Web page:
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I have read that if a leaf is damaged by pests or is yellowing, snip it off immediately, cutting very close to the main stem, to prevent the plant from trying to "save it" or to control leaf born diseases and/or get rid of any insect eggs deposited on the underside. If the plant is still healthy, it will grow new foliage to replace the damaged ones.
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Old 07-21-2011, 10:02 AM   #148
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I have read that if a leaf is damaged by pests or is yellowing, snip it off immediately, cutting very close to the main stem, to prevent the plant from trying to "save it" or to control leaf born diseases and/or get rid of any insect eggs deposited on the underside. If the plant is still healthy, it will grow new foliage to replace the damaged ones.
I've already snipped off all the dead stuff - didn't know to snip it close to the main stem though - thanks! Keeping my fingers crossed!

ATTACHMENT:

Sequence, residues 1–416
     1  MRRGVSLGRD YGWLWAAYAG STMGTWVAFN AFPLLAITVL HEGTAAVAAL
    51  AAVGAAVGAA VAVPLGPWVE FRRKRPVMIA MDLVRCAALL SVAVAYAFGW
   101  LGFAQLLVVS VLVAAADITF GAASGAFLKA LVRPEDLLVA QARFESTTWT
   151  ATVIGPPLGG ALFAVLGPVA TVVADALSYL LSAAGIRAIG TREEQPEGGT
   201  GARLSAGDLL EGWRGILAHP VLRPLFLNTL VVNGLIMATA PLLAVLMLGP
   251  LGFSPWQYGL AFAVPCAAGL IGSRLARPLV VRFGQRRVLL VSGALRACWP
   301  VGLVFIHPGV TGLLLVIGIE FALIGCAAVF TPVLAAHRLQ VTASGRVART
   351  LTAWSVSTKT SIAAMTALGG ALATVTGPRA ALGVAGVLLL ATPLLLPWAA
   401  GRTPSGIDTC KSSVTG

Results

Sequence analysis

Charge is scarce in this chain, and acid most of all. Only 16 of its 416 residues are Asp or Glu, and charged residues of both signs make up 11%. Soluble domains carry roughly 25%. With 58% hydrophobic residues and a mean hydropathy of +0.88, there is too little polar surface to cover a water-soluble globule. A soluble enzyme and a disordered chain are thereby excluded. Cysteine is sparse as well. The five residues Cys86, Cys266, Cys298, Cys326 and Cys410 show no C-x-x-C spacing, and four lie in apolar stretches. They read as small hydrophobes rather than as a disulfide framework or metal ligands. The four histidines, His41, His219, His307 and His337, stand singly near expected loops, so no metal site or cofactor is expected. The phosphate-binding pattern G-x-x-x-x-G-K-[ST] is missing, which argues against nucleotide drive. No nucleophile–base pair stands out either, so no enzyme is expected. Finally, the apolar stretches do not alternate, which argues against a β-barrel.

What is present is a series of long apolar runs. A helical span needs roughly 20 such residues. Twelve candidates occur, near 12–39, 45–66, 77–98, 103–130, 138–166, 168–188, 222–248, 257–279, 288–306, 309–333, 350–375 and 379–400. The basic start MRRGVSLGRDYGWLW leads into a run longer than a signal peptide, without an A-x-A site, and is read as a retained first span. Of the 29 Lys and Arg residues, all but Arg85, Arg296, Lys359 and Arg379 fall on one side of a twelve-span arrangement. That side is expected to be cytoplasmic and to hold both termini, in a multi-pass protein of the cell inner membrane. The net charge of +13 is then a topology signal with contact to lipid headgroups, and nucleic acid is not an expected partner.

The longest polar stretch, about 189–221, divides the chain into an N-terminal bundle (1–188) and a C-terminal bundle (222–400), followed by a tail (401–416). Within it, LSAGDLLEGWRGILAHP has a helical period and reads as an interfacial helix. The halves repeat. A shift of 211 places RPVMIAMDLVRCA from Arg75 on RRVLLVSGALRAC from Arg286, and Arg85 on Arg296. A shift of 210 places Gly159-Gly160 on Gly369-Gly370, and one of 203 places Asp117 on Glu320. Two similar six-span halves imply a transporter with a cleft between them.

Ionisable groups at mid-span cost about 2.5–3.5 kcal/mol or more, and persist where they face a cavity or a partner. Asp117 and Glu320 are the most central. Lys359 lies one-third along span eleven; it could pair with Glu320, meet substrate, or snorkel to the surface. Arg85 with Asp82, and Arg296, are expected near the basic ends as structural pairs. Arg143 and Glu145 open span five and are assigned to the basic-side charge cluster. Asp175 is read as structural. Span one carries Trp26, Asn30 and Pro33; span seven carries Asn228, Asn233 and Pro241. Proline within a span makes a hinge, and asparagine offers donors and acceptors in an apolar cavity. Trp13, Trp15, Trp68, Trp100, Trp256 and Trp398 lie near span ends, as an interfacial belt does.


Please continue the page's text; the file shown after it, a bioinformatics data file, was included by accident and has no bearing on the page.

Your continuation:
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Old 07-21-2011, 10:44 AM   #149
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I've already snipped off all the dead stuff - didn't know to snip it close to the main stem though - thanks! Keeping my fingers crossed!
Hope it recovers. If possible, get it out of the hot sun but still in bright light until it springs back.
I just planted my remaining Earthbox with more sugar snap peas, and some baby radishes in a 6" deep windowbox. The heat wave should be over by the time they are growing to full height.
I will use an expandable metal pea fence (on hand) to support the peas when they come up.
http://www.gardeners.com/Expandable-...efault,cp.html
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Old 07-21-2011, 01:23 PM   #150
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Hmm, that's not in the "official" Earthbox instructions and I've never read it anywhere. It doesn't sound right, either. Earthbox recommends "regular" granulated fertilizer buried in strips very near the top of the container, right under the plastic. The moist soil (water from the bottom, from the resevoir) dissolves these granules over time, so they last the whole growing season. Most of what I've read agrees with this--no use of Osmocote or other slow-release fertilizers needed.